We open up with "Great Heathen Army" and we're greeted with a very appropriately sounding, battle march...as if in preparation for war...the simplistic pounding of the drums coupled with chanting and almost viking horns adds to the theme here very well and already, we have the makings of a story, before out of nowhere the band bursts into life with a surging metal onslaught...the double kick drums, the classic riffs and sometimes screeched, power-metal vocals; it's all very traditional, all sounding very epic and it serves well as an opener. "Black Flag" follows up and has a theme of it's own...it's set within old pirate lore and speaks of the governing of the seas, the historical relationship between these pirates and their battles with the law, for the black flag itself is an old signal for parley; the act of looking to find democratic resolution; backed by some more traditional metal it's combined very well.
There's more to these veterans than meets the eye however, as they do mix it up just a little to keep interest peaked throughout the record..."Raven Wing" utilizes a soft acoustic lead introduction which for all intents and purposes, is really rather sweet the way everything sounds poetic before it spreads it's wings so to speak...that solo too, it's so 80's it's brilliant...on occasion galloping along with the Maiden influence clear for all to see. Speaking of influence, album highlight "Seven Headed Whore" is a faster, far more aggressive offering and it's style originates from more of a thrash-inspired background; the riff-work is very SLAYER.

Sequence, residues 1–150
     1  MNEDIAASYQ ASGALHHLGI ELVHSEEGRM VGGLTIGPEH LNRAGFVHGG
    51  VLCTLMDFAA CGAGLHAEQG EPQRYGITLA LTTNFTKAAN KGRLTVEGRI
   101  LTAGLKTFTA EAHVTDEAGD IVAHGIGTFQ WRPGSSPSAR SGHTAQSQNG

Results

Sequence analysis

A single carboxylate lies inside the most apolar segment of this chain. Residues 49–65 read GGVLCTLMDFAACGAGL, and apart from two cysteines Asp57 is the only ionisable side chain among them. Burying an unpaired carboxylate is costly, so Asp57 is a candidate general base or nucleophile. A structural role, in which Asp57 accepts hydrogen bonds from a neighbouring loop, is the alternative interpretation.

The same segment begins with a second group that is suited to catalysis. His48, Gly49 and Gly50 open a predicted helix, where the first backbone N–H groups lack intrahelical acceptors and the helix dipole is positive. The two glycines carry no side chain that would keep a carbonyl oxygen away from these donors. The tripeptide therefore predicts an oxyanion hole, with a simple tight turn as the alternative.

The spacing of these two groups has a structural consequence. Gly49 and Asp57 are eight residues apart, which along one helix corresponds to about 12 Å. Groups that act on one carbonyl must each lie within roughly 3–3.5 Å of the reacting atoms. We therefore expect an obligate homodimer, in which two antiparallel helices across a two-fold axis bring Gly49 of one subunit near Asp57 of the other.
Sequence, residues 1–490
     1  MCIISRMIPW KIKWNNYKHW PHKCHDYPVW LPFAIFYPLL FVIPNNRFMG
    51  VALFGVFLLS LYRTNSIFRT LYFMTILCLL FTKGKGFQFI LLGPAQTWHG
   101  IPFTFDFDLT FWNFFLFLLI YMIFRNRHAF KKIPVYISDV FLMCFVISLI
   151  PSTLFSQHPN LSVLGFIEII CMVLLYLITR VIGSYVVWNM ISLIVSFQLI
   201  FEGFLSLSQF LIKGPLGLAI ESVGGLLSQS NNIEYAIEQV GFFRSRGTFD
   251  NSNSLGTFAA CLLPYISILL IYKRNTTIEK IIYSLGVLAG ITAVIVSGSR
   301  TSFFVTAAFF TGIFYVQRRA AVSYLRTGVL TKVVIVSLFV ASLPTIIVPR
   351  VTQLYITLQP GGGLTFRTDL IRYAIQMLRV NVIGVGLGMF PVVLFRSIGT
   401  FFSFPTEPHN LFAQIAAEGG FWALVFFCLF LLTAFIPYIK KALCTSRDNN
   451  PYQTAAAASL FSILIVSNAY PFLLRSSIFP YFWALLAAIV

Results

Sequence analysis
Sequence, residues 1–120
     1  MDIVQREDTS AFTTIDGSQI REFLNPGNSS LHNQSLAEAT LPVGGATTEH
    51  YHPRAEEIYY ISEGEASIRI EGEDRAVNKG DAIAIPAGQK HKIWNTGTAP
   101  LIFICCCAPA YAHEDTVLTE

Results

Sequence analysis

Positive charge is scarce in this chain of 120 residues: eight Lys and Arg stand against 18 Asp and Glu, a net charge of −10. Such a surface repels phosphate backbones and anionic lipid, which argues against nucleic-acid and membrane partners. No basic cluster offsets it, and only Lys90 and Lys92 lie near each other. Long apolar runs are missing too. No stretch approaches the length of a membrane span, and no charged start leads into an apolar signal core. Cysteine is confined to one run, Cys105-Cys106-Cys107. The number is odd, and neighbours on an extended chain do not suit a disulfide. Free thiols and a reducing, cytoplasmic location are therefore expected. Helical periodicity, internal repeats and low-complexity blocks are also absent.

Elsewhere, highlights include "The Relic (Part 1)" which is an incredibly melodic hard-rock based track, it flows wonderfully and really is equal parts dramatic and catchy, however there is no sign of part 2 here....(Did they forget it? Or is it a spoiler for the next album?)...and also "Ghost Dance (Awaken The Ancestors)"...an unexpected near 7 minute instrumental, bar the sparse tribal incantations...the pan pipes add they're own unique flavour and amidst the metal there's a strong ritualistic feeling which they've pulled off well. The rest of the album is what it is essentially; you either really love this classic style, or you can have too much of a good thing...some of it can't help but sound generic after all these years, however closing track "Clear The Way" is one for the history buffs...it's a concept piece on the Battle Of Fredericksburg...at over nine minutes, it's a battle indeed. Overall it's a solid, proper metal album and in 2017 it's great to see that the principles remain generally unchanged and that bands like Iced Earth still follow the old blue print...incorruptible? I'd say so...